As final status negotiations loom on the horizon (in May 1996)immense diplomatic pressure will start building on the Palestinians to give up their insistence on the right of return. The Israelis in their turn have made it clear that they will not support any categorical 'right of return' for the Palestinians--either to Israel itself or to the West Bank and Gaza. It is inconceivable that any Palestinian authority can yield to such pressure and retain its legitimacy in the eyes of its constituents, or--significantly, by exiled Palestinians in the diaspora. On the other hand it is clear that the Palestinian negotiators cannot simply go to the final status talks armed only with an abstract UN resolutions. Concessions at the practical level are bound to happen if at least some justice is to be realized for 1948 refugees.

One of the most succinct proposals for a final status positions in this regard was made by Rashid Khalidi, in his essay "Toward a Solution". Khalidi suggests a negotiated solution for resolving the claims of refugees based on five conditions:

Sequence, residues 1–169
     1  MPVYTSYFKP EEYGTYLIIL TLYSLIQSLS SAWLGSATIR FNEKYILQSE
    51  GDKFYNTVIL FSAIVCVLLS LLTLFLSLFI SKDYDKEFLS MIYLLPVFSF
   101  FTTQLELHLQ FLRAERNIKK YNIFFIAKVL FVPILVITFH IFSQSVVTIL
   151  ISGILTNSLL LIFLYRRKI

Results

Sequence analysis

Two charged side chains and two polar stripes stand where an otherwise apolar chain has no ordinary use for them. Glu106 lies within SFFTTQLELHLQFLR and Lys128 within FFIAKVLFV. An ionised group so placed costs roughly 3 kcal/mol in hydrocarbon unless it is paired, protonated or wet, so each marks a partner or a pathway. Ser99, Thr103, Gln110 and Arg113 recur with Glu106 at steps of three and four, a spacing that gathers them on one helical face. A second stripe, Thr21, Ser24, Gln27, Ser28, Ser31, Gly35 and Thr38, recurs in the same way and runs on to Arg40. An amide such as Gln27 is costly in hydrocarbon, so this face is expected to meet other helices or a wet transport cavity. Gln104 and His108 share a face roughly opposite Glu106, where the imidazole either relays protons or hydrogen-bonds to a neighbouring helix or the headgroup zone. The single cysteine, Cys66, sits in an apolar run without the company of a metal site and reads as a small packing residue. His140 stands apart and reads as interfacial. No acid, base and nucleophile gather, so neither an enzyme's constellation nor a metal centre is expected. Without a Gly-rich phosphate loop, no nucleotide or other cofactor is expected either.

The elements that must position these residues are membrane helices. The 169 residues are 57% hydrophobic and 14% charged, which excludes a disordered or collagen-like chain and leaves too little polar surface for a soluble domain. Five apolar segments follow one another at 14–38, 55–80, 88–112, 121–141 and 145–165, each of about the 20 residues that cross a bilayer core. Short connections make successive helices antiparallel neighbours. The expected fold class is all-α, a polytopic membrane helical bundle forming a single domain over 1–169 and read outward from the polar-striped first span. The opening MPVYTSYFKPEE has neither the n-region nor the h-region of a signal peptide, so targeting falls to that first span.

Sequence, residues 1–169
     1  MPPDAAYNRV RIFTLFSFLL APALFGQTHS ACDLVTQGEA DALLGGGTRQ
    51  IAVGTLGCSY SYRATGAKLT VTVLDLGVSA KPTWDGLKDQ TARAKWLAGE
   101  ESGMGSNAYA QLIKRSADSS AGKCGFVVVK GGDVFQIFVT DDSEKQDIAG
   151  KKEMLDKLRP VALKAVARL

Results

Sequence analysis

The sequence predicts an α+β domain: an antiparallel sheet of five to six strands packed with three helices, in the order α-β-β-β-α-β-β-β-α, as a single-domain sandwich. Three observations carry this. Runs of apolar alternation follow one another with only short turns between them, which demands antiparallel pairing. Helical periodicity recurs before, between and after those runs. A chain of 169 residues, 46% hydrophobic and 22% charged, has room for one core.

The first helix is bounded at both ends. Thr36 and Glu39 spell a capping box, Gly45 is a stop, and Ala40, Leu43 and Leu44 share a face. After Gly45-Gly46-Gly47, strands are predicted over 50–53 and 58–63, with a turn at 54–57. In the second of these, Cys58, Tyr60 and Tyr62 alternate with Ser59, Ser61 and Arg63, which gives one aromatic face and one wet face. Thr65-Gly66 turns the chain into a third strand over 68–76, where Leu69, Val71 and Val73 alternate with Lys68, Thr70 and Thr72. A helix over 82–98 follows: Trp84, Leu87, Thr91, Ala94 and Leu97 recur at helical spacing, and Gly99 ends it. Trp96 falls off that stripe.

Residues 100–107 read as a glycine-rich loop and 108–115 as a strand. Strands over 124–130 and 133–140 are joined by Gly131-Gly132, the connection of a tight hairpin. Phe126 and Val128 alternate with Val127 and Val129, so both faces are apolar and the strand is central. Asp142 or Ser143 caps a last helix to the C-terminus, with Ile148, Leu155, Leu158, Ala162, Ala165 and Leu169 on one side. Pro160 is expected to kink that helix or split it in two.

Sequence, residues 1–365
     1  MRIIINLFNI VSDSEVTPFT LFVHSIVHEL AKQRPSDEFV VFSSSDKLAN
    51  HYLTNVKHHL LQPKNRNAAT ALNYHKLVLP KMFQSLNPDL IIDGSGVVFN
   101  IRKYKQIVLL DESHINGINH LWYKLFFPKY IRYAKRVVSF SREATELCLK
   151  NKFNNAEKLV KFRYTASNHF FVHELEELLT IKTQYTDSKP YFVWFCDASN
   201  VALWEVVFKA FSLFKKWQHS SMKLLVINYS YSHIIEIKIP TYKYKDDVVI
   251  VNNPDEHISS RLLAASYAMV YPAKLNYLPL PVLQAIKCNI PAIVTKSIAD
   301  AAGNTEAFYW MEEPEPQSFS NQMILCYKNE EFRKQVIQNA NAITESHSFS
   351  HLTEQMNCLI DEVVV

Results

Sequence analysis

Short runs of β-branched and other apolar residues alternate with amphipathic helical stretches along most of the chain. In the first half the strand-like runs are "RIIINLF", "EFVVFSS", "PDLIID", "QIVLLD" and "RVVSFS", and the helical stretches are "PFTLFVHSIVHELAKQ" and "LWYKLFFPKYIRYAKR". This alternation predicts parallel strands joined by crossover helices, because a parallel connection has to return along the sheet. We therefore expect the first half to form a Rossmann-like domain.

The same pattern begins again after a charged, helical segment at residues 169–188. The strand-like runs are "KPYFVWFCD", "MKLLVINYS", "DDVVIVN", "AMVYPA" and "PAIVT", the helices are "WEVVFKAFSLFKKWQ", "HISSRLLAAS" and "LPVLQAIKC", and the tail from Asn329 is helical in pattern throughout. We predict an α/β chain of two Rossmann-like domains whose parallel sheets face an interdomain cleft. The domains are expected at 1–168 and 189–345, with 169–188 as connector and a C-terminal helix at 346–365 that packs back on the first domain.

**That Israel acknowledges its moral accountability for the creation of the Palestine refugee problem, including the means of socializing this recognition to the younger generation of Israelis.

**That Israel accepts in principle, the right of Palestinians and their descendants to return to their homes. The Palestinians--in return--will recognize that this right cannot be literally exercised inside 1948 Israel, and will have to exercise it in the state of Palestine. However as part of this conception, Israel should take into its domain several tens of thousands of refugees.Particularly those that have family members living inside Israel.

**A distinction should be made between reparations (for those who will not be allowed to return), and compensation (for those who lost property in 1948. Khalidi suggests the figure of $92-147 billion for property loss (1984 figures, based on Kubursi and Hadawi's assessment); and $40 billion in reparations, based on an estimate of $20,000 per person for 2 million people.

**Palestinian exiles should have the right to return to the future Palestinian state, or (implicitly) to the areas under the control of the Palestinian national authority.

**Palestinians who chose to remain in Jordan should would be offered the choice of having full citizenship rights, or "limited rights" as citizens of the Palestinian component of the Jordanian Palestinian confederation.